Rymer: Keeping Up with the Joneses, and What the PGA TOUR’s Myrtle Beach Classic Field Can Expect at The Dunes Club in 2024

By Charlie Rymer

The par-5 13th at The Dunes Club, “Waterloo,” is one hole where former PGA TOUR player Charlie Rymer is eager to see how well other TOUR players fare on it.

Like so many, I was thrilled to hear that the PGA TOUR has finally made its way to Myrtle Beach.  After all, we are “The Golf Capital of the World.” I think there are quite a few courses in Myrtle Beach that are capable and worthy of hosting a PGA TOUR event. I also think that going to The Dunes Golf & Beach Club is a great call. Along with being the second-oldest golf course in Myrtle Beach it has notable architecture, plenty of length, remarkable conditioning, lots of room to accommodate fans and infrastructure, and is centrally located.

I recently spent time with my good friend, Rees Jones. His father, Robert Trent Jones, was the original architect of The Dunes Club and Rees has recently renovated the bunkers on the course. Rees will also be consulting with any changes that need to be made to the course for the event.

Robert Trent Jones was one of the most prolific and respected golf course architects in the history of the game, and The Dunes Club is a wonderful example of his work. Big. Bold. Beautiful.  His courses are characterized by large and deep bunkers with sand splashed up into the faces. Rees, a legend in his own right, lovingly restored those bunkers in a way that would make his father proud.

I had a chance to meet Robert Trent Jones when I was 15 years old. I was playing the Big “I” Insurance Youth Classic National Championship at Otter Creek Golf Course in Columbus, Indiana. It was the coolest course I had ever seen. Robert Trent Jones came out to watch us kids play. He was very approachable, and I got to speak with him for a few minutes. He was kind, engaging, and remarkably asked me a few questions. It was very evident that he was a true gentleman. With Rees Jones, it’s also very evident that the apple doesn’t fall far from the tree.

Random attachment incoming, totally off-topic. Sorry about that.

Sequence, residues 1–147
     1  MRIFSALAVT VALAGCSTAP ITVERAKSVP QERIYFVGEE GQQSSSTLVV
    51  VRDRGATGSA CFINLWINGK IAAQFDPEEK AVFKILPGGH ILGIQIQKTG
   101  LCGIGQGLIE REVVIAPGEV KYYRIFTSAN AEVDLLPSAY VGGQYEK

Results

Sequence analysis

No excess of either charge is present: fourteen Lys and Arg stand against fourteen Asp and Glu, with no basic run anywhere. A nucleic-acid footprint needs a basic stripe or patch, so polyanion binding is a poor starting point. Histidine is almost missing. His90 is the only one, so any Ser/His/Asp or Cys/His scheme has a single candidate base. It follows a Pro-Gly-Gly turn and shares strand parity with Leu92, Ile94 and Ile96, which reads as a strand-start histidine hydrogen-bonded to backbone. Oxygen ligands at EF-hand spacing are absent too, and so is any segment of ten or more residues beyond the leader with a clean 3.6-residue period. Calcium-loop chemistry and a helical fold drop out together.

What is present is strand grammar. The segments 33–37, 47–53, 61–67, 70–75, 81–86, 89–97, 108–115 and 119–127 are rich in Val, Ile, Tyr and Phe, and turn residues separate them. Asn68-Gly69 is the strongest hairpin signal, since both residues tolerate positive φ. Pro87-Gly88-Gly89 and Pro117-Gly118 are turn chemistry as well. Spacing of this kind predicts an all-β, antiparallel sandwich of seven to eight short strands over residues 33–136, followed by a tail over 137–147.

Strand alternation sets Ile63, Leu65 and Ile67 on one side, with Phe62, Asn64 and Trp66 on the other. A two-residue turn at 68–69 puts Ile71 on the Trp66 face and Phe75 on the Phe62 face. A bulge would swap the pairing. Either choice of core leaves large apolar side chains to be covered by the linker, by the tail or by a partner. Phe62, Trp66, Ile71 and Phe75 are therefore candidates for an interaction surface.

For nearly every PGA TOUR player in the field, this event will be their first look at The Dunes Club. Trust me, figuring out a golf course in just a couple of days is no big deal for a PGA TOUR player. Most golfers play 90 percent of their golf on the same course and simply can’t relate to this skill. Touring professionals can (and do) fly halfway around the world and instantly adjust to green speed and firmness, fairway grass type, rough grass type and height, sand type in bunkers, temperature, and altitude. Players can go from hitting a 7-iron at Pebble Beach 155 yards to hitting that same club 218 yards in Mexico City a week later. They make it look easy. It’s not. 

I look forward to seeing what strategy the PGA TOUR players employ on several holes at The Dunes Club. The 4th hole is a really cool, risk/reward dogleg left par 5. Bunkers cross the middle of the fairway, and players will have to find the right line and club combination to put the ball in position for a go at the green in two. Water sits tight to the green. This hole will give up plenty of birdies and eagles – but also some bigger numbers.

The signature hole of The Dunes Club and its “Alligator Alley” is the par-5 13th. It was Robert Trent Jones, by the way, who coined the phrase “Signature Hole.” And he created a beauty on this par 5. It’s a big, sweeping dogleg right around a lake. In some places, trees are between the lake and the fairway. The key to going at this green in two is to find one of the places where those trees aren’t. Placing the ball near one of those gaps and dangerously close to the water will give a player a fighting chance to get home in two. But that second shot may require a driver off the deck over water. Alligator-infested water!

It’s going to be great fun seeing how PGA TOUR players attack The Dunes Club. It’s also going to be fun seeing how The Dunes Club attacks them.